Integrated Water Management

As technology advances, the world seems to shrink, increasing our awareness of how interconnected we really are. Water has always connected us all, but we’re now bringing unprecedented strain to our water supplies and the water environment. Some communities struggle to harvest enough water, others to find cost-effective ways of treating and containing the water they have. Only honoring the interconnections within the water cycle and considering all sources of water as resources will satisfy the many needs of our growing civilization.

When faced with state legislation requiring the shut down of ocean outfalls and reuse of 60 percent of the outfalls’ baseline flow for a beneficial purpose, the City of Hollywood (FL) turned to Hazen and Sawyer to develop an innovative integrated solution to address regulatory drivers. Pilot testing demonstrated that Floridan aquifer recharge could be an optimal solution in addition to potential virtual water reuse

Rather than construct a costly and environmentally adverse storm sewer system in Staten Island (NY), we developed and implemented an integrated solution that resulted in The Staten Island Bluebelt. In addition to providing cost-savings to the city, natural features have reduced flooding, improved water quality, and provided a flourishing habitat for native flora and fauna that local residents can enjoy.

To manage drought and water shortage, Hazen and Sawyer staff helped operators in Big Spring (TX), the first direct potable reuse (DPR) plant in the state, bridge the gap between conventional water and wastewater treatment, advanced treatment system operation and water distribution. Our integrated water approach allowed us to bring state-of-the art knowledge of water, wastewater, and advanced reuse to fine-tune facility operations.

Climate change and extreme weather impact all aspects of the water cycle. We worked with New York City to develop alternatives to manage turbidity events associated with extreme events. While structural alternatives were modeled and provided some benefits, the study found that a comprehensive operations support tool would achieve greater benefits with a far smaller capital investment.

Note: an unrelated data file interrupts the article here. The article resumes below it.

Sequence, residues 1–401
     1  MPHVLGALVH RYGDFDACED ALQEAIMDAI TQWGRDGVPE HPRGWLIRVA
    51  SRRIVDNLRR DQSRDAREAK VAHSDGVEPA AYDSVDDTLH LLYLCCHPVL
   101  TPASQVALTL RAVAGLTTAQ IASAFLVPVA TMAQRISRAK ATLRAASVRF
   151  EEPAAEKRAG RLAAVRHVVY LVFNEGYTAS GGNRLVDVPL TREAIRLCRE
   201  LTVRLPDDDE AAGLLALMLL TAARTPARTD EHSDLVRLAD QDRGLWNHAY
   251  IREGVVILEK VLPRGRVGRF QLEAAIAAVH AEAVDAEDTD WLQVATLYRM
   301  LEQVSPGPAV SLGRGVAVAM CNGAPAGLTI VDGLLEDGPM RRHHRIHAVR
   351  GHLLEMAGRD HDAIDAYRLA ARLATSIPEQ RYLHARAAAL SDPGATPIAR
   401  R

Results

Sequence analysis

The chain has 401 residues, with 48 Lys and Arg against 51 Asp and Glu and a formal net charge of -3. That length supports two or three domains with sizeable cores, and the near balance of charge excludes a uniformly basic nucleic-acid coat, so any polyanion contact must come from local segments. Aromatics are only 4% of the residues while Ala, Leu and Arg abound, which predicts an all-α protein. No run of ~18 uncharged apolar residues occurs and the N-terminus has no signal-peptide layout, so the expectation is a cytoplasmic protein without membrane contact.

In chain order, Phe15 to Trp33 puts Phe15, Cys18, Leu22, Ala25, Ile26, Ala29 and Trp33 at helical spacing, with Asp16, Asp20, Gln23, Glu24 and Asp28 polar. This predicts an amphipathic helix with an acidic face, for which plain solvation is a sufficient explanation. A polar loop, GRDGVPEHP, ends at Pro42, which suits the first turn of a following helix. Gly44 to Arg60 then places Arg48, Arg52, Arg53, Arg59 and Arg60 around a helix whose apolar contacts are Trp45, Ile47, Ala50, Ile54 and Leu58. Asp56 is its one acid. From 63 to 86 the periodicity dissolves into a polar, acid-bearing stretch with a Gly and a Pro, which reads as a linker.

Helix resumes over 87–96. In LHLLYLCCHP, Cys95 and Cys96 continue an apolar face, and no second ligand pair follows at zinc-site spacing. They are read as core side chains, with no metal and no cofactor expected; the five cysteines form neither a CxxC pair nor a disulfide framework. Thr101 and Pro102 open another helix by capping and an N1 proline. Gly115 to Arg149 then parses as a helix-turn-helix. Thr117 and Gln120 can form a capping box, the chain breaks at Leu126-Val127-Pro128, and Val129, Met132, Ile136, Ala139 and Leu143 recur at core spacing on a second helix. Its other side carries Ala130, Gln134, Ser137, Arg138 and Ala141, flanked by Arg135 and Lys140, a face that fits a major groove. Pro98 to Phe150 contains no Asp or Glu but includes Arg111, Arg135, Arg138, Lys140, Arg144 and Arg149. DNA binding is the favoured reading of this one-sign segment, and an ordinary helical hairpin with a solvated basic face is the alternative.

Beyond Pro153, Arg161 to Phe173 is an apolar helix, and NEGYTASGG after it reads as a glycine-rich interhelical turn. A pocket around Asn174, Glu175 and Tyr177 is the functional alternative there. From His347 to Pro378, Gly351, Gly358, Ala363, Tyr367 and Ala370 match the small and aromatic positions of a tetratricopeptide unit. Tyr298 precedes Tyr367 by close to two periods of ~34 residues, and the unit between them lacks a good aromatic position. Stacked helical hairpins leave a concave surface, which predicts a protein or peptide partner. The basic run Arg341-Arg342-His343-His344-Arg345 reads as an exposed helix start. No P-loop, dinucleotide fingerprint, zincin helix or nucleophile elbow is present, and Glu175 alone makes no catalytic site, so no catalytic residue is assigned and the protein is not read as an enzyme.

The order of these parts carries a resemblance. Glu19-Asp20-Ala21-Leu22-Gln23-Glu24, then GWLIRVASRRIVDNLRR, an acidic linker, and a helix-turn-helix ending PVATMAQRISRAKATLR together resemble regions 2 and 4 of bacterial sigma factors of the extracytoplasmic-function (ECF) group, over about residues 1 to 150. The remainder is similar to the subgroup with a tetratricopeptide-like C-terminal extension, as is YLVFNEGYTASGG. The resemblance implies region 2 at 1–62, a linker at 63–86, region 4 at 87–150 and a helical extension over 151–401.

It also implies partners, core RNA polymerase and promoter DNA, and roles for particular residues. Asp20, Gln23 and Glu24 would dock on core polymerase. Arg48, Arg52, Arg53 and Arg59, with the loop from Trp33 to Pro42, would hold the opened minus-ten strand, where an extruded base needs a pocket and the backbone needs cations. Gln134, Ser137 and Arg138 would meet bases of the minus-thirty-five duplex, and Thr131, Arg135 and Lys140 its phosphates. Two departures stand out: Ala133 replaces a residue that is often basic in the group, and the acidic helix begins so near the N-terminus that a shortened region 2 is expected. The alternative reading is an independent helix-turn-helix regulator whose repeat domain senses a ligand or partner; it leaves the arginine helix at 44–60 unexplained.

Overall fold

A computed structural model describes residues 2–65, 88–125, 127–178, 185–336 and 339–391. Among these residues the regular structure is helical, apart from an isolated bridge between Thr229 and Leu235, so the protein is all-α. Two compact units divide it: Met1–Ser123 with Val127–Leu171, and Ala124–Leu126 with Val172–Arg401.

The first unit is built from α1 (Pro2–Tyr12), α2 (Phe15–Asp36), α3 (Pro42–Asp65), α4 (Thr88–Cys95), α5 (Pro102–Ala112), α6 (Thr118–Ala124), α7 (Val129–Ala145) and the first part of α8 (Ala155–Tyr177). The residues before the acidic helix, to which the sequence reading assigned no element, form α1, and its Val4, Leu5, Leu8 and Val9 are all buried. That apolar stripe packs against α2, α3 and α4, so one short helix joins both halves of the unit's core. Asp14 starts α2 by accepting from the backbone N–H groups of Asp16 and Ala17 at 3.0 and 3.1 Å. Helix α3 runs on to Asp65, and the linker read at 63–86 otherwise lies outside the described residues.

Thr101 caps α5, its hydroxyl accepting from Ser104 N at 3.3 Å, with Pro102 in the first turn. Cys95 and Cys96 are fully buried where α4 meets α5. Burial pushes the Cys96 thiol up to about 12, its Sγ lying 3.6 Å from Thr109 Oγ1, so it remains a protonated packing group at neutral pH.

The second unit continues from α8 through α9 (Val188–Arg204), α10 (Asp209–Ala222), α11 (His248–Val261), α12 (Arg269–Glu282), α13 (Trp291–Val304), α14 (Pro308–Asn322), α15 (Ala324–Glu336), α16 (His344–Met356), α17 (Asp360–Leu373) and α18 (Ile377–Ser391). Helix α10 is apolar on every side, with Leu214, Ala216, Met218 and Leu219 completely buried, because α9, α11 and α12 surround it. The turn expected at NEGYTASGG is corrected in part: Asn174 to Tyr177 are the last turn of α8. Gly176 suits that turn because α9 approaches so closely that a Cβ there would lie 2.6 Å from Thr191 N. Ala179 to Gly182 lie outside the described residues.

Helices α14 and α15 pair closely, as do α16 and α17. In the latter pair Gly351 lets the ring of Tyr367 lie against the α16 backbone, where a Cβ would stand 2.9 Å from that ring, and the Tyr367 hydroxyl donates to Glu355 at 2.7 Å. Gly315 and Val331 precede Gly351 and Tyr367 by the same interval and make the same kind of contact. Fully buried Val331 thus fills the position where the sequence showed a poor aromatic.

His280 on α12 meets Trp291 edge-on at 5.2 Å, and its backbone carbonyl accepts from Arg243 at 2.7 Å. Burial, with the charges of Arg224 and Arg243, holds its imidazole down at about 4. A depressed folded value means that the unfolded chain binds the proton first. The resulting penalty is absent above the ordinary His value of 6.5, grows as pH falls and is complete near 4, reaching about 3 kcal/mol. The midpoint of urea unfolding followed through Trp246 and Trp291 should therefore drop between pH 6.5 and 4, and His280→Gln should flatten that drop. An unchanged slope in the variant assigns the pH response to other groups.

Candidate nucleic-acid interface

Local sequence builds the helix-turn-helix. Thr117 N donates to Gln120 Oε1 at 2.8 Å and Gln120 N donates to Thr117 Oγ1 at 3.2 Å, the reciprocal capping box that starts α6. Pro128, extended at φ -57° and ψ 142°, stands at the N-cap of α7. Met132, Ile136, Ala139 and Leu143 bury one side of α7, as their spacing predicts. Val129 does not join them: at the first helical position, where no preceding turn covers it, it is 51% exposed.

Integrated water solutions require a thorough understanding of water quality risks and how to protect public and environmental health. WE&RF 13-03 Critical Control Point Assessment to Quantify Robustness and Reliability of Multiple Treatment Barriers of a DPR Scheme serves as an instrumental step in advancing the acceptance of DPR by demonstrating the robustness and reliability of multiple barriers of treatment to ensure the highest standards of water quality and assure protection of public health.

An integrated water mindset brings opportunities for innovation, business-minded operations, and resource recovery. The 60-mgd F. Wayne Hill Water Resources Center converts phosphorus to fertilizer and reduces energy costs using FOG, co-thickening, and combined heat and power facilities.

Integrated water management has always been second nature to Hazen and Sawyer. Since our founding, we’ve maintained a singular focus on water – working with communities to identify new sources, structure effective treatment, and deliver water back to the environment in a productive and mindful way. The integrated water resources management we provide improves the resiliency of watersheds to supply drinking water and turns nutrient removal into nutrient recovery, waste into energy, discharge into reuse – often while reducing operating costs and providing a multitude of environmental and societal benefits.

At Hazen and Sawyer, we can help you harness technology to fulfill your needs, while restoring and replenishing our water systems to provide sustainable supplies for future generations.

For inquiries contact:
Troy Walker